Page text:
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Meg Munn MP - Sheffield Heeley's voice in Parliament | Welcome
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Tuesday, January 20, 2004


Services will reduce 'postcode lottery' in access to vital support and treatment

The Government today continued its drive towards ending postcode lotteries of care in the NHS through the announcement of new centres and local support teams for people with Chronic Fatigue Syndrome/Myalgic encephalopathy (CFS/ME).

Funded by the £8.5 million cash injection announced last year, the 12 centres will be based in Newcastle, Leeds, Liverpool, Manchester, Sheffield, Birmingham/West Midlands, East Midlands, East Anglia, North London (St Bartholomew's), Surrey (Sutton), Bath/Bristol and Cornwall/Devon. The Centres and Local Teams will champion and support the development of local services to improve the care and treatment of the many people with CFS/ME.

Led by Clinical Champions (local CFS/ME specialists), the centres will improve the overall care of patients with CFS/ME by:

- Providing access to specialist assessment, diagnosis and advice on treating the condition

- Developing education and training resources for health professionals to improve the knowledge and skills of staff

- Supporting clinical research into the causes and treatment of

28 local support teams spread throughout the country, will provide support to those adjusting to and coping with CFS/ME by:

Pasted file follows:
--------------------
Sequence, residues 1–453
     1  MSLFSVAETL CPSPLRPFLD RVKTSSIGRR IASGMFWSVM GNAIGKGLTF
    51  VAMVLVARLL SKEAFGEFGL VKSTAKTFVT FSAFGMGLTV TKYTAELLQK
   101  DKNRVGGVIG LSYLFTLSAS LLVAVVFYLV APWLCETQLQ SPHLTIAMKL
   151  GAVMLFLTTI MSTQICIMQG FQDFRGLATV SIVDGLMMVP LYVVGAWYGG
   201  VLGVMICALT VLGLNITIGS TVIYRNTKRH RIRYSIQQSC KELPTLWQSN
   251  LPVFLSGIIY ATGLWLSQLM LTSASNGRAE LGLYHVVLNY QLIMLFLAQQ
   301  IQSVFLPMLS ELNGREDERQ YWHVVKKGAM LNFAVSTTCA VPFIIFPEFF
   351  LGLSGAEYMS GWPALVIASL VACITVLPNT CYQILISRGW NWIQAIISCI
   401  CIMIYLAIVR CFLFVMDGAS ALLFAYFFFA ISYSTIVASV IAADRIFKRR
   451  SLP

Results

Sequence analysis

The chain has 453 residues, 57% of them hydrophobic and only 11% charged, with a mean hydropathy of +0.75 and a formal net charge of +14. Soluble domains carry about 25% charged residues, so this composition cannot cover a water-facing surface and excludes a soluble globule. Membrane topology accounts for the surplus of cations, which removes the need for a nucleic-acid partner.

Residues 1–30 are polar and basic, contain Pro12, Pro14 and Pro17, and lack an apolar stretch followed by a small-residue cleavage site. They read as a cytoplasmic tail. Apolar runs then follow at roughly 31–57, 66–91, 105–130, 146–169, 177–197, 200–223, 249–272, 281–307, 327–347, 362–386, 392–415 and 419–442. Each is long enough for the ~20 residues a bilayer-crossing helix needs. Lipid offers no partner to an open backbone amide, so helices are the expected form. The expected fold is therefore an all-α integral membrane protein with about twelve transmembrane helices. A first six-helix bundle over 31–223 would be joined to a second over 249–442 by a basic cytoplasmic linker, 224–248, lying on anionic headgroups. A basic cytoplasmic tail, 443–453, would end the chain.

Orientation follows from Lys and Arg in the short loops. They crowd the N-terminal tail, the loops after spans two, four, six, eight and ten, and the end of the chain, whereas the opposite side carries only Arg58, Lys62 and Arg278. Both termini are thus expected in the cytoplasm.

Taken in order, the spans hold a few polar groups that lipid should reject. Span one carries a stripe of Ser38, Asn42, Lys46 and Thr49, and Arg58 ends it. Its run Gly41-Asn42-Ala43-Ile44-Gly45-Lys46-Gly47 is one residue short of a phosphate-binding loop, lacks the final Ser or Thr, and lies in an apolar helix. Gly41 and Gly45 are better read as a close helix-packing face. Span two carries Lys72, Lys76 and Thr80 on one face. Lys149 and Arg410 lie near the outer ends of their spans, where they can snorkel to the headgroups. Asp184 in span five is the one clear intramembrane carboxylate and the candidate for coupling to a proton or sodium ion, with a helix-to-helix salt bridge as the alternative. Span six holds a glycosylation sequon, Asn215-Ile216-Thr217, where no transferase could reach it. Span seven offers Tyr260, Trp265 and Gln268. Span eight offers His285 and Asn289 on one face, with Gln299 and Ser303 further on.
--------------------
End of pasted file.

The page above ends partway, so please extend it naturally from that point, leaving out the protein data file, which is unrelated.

- Providing specialist rehabilitation programmes for patients to help increase energy and activity levels

- Developing a network of local domiciliary services (health, education and social services) for those more severely affected who may be house-bound or bed-bound

- Supporting GPs and other health professionals and in partnership with local self- help groups develop expert patient and self-management initiatives

Health Minister Stephen Ladyman said:

"CFS/ME is a debilitating and distressing condition that affects people of all ages. As the causes are still not fully understood, it is also a condition that poses a challenge to medicine and the NHS. These new centres and local teams mean that we can start developing focused, local services that will make a real difference to people's lives.


The support, empathy and understanding of health professionals is an important factor in the care of people with this condition. The education and training provided by the centres will be invaluable in providing health professionals with the information they need to help their patients."

Meg Munn, Labour and Co-operative MP for Sheffield Heeley said

“I am really pleased with the news that Sheffield is to have its own treatment centre for sufferers of ME and CSF. I have been approached several times over the last two years by local people who have been disappointed with the level of service provision.

What is going to make a real difference is the three-pronged approach to dealing with these debilitating illnesses; there will treatment, support and the all-important clinical research into both their causes and the best treatment. Ten years ago it was hard to get a GP even to recognise that such an illness existed, now this Government is putting millions into helping people understand more and ultimately get better.”


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